‘Andhra HC can’t be town planner’: SC stays order to develop capital in six months

A bench of Justices KM Joseph and BV Nagarathna stayed time-bound directions issued by the AP High Court on March 3, including the one that said the state will develop Amaravati's capital city within six months.
Buddha statue in Amaravati
Buddha statue in Amaravati
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The Supreme Court on Monday, November 28, sought responses from farmers and their associations, and the Union government, to a plea by the Andhra Pradesh government challenging the high court decision which said the state legislature "lacked competence" to make any law for shifting, bifurcating or trifurcating the capital. It observed that the Andhra Pradesh High Court cannot be a "town planner" or an "engineer" and direct the government that the capital city should come up in six months.

A bench of Justices KM Joseph and BV Nagarathna also stayed time-bound directions issued by the high court, including the one that said the state will construct and develop Amaravati's capital city and capital region within six months. The high court had also ordered the government and the authorities concerned to complete infrastructure development like roads, drainage and electricity and drinking water supply in the Amaravati Capital City and Region within one month.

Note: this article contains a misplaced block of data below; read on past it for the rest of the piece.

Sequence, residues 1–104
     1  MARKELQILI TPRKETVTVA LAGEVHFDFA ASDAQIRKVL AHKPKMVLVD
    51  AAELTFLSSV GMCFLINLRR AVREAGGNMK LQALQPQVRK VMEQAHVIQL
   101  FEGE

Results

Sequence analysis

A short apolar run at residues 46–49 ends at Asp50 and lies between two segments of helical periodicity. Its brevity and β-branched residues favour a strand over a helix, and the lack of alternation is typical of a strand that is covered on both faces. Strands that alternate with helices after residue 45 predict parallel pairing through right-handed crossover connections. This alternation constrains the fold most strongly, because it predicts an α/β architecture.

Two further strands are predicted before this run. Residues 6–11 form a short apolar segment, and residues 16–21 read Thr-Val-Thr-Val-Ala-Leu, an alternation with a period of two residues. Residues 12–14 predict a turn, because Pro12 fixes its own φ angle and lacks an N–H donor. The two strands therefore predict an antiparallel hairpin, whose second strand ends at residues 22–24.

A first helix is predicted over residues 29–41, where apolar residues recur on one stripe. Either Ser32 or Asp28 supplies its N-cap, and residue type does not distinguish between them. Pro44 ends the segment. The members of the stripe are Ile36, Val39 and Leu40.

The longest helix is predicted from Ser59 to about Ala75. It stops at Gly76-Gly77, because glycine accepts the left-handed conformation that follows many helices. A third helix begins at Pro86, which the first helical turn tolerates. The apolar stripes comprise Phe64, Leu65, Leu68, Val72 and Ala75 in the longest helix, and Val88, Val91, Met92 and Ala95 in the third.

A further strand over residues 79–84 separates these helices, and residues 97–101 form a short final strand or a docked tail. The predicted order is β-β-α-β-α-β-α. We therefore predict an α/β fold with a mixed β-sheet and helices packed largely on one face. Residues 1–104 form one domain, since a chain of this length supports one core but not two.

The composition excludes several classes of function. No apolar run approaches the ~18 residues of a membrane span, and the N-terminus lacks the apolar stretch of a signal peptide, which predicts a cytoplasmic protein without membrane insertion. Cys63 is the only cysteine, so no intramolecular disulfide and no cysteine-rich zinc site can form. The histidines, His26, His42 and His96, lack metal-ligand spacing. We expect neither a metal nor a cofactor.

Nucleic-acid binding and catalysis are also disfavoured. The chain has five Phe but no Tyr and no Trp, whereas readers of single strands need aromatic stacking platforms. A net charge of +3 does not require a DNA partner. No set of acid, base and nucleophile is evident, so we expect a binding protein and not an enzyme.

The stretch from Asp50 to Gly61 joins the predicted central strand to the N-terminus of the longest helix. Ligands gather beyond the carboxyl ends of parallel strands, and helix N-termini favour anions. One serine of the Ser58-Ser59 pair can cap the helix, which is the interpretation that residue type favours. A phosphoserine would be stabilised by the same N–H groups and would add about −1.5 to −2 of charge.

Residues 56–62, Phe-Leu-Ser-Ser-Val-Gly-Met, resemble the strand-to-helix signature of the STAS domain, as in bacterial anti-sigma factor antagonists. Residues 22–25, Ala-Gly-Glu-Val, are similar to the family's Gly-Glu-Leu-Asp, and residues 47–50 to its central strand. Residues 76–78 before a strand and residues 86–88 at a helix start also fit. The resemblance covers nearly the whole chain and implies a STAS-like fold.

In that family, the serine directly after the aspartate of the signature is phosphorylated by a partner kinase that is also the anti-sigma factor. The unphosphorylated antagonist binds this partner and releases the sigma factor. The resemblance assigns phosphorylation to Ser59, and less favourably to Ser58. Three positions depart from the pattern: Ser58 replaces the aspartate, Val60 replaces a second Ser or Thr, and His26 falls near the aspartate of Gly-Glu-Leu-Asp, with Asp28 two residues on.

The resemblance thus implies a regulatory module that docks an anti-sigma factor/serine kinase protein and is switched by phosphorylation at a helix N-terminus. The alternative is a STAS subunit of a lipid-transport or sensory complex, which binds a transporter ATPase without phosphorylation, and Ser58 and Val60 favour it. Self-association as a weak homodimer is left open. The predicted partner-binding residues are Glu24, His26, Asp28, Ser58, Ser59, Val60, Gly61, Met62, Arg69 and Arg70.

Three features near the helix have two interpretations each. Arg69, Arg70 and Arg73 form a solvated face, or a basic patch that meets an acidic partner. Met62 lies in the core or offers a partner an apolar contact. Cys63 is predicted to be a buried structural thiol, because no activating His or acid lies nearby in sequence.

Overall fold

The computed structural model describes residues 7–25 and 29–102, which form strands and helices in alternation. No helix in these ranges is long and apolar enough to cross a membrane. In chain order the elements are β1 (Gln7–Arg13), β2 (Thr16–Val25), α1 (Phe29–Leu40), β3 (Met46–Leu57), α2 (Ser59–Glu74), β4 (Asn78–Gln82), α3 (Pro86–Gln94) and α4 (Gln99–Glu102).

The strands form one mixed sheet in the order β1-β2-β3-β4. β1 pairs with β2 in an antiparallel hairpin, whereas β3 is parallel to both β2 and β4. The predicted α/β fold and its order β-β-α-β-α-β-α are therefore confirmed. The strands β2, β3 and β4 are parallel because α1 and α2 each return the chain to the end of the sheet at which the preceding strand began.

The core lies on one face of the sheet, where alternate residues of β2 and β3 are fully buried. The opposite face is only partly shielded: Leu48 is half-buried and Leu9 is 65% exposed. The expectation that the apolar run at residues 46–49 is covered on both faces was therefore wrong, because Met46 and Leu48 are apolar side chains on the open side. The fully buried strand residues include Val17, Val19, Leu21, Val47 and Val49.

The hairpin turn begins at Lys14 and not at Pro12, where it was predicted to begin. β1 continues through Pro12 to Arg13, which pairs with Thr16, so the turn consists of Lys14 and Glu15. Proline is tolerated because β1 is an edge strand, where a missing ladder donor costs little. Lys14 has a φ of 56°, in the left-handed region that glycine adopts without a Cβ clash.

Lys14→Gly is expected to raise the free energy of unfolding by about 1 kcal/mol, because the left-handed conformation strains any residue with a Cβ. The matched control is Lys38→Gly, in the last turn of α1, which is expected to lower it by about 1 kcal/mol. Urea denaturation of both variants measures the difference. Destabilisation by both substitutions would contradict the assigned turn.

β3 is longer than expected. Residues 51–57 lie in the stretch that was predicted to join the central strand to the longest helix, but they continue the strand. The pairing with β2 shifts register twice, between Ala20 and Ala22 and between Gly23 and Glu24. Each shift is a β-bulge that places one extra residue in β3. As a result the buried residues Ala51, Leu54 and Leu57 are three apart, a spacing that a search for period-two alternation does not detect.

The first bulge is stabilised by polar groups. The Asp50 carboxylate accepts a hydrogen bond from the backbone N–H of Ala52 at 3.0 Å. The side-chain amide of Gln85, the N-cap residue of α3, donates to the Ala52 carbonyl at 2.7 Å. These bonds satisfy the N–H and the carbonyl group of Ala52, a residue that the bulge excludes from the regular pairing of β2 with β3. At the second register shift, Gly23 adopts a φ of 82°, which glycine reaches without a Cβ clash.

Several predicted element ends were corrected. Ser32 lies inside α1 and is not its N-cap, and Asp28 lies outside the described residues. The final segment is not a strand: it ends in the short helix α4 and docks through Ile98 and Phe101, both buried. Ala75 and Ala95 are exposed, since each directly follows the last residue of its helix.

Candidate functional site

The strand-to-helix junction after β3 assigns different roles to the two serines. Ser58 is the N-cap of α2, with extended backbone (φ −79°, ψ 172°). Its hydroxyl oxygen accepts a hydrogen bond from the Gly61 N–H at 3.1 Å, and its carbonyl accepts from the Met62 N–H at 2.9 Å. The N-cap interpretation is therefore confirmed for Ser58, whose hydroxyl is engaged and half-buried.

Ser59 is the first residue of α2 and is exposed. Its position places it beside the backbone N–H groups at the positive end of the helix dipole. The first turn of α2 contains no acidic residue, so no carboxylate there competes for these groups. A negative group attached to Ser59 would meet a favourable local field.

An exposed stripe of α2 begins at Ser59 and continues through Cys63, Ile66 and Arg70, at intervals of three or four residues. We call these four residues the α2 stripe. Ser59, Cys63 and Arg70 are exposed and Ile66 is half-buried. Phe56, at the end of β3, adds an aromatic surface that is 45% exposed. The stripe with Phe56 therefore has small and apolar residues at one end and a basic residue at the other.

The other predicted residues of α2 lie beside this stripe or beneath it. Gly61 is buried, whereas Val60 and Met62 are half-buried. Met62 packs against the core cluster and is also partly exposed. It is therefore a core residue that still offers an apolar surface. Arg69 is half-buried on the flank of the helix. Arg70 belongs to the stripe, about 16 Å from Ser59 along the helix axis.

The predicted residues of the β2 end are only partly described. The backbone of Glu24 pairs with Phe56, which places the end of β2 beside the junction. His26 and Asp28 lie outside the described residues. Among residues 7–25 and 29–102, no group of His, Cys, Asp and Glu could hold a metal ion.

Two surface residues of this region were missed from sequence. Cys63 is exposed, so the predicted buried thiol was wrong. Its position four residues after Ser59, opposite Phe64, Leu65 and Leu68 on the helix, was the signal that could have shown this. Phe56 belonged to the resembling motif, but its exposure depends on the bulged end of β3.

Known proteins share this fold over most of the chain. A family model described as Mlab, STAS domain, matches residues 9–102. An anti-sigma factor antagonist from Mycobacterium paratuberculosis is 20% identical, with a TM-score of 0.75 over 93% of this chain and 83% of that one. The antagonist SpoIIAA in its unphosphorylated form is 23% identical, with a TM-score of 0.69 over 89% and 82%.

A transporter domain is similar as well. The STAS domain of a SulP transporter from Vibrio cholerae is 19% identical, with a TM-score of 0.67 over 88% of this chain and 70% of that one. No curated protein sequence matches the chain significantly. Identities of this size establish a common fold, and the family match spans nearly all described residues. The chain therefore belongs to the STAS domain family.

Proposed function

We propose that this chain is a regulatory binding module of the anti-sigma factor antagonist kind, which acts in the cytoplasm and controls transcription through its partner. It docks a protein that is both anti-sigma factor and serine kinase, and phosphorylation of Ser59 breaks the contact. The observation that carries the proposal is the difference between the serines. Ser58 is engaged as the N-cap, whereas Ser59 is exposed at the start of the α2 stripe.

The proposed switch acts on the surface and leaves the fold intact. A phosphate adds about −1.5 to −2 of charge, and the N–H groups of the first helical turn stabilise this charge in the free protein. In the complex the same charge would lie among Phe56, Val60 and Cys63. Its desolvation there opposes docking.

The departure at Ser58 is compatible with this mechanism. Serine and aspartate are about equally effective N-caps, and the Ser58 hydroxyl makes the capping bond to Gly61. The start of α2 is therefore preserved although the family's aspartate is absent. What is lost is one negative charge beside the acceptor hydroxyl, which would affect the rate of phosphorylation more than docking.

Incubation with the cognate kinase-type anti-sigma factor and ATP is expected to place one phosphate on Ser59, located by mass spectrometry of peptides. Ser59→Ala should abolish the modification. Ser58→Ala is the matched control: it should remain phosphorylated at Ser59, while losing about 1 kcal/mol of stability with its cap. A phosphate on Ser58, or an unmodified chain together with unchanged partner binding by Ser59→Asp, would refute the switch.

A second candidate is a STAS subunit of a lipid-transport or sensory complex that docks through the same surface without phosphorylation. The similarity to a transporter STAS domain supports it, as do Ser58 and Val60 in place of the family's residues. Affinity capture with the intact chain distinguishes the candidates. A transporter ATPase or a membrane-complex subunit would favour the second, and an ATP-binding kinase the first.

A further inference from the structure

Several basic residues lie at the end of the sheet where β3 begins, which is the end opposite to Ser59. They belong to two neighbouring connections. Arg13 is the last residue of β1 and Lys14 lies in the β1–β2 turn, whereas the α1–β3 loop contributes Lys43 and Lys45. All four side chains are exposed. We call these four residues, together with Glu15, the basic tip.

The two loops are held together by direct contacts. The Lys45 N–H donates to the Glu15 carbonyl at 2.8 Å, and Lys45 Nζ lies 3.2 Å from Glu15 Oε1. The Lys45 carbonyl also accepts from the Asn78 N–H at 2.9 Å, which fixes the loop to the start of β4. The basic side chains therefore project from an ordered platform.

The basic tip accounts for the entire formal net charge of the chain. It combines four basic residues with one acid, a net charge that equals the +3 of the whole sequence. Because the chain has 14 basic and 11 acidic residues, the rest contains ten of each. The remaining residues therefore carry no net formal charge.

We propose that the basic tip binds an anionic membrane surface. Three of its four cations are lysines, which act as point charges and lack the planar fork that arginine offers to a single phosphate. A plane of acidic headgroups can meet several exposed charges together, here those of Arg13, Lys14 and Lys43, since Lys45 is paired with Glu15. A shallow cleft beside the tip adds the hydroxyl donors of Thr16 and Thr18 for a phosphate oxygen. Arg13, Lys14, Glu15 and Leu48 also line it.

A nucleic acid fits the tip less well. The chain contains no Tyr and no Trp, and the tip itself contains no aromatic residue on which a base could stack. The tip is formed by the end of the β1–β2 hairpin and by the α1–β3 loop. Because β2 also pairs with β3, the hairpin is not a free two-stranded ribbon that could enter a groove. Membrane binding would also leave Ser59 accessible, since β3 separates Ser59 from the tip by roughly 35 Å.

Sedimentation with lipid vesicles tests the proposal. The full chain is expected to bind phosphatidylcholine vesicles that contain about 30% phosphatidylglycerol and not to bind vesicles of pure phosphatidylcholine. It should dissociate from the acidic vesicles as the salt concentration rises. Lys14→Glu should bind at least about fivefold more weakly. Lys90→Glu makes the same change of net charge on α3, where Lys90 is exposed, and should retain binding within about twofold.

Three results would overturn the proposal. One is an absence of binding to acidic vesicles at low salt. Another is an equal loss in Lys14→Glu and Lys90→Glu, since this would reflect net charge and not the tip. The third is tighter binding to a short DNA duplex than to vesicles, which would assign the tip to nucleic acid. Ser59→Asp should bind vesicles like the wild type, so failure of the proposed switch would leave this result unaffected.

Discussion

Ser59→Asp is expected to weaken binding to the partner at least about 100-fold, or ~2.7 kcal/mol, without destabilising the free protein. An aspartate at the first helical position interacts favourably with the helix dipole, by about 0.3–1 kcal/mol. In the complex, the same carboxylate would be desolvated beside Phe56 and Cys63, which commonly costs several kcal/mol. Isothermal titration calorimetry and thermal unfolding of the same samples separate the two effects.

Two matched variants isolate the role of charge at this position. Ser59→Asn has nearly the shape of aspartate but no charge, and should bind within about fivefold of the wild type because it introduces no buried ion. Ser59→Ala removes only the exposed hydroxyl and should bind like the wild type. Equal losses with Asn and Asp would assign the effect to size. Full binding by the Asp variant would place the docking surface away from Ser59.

The SC bench said it needs to examine the issue at length and posted a batch of petitions filed by the state, farmers, associations and their committees for further hearing on January 31. The top court, which asked the parties to file their responses by December, was informed by senior advocate KK Venugopal that the state government has repealed the law for having three different capitals of the State.

On March 3, the high court said the inaction of the state and Andhra Pradesh Capital Region Development Authority (APCRDA's) failure to develop the capital city and capital region as agreed to in terms of the Development Agreement-cum-Irrevocable General Power of Attorney, is nothing but a deviation from the promise made by the State, defeating legitimate expectation. It had said the state and the APCRDA violated the fundamental rights of the petitioners (farmers), as they surrendered their only source of livelihood-over 33,000 acres of fertile land.

The high court had passed its 300-page verdict on a batch of 63 writ petitions filed by aggrieved farmers of Amaravati region against the YS Jagan Mohan Reddy government's decision to make Visakhapatnam the Executive Capital, Kurnool the Judiciary Capital and Amaravati as the Legislative Capital of Andhra Pradesh.

Following sustained opposition from farmers and landowners of Amaravati against the trifurcation of the capital of Andhra Pradesh, the YSRCP government repealed the controversial three-capital Bills in November 2021 but said that it would bring them back in a new form. After the March 3 high court verdict, Chief Minister YS Jagan Mohan Reddy reiterated his government’s stand on having three capitals, and called the timeline prescribed for the development of Amaravati impractical. “Courts should not prescribe impossible timelines. Within one month, we’ve been asked to provide amenities like roads, drinking water, drainage, electricity at the cost of Rs 1 lakh crore. Within 6 months, we’ve been asked to spend Rs 5-6 lakh crore and build the capital. These are impossible timelines which no courts can dictate,” Jagan said. 

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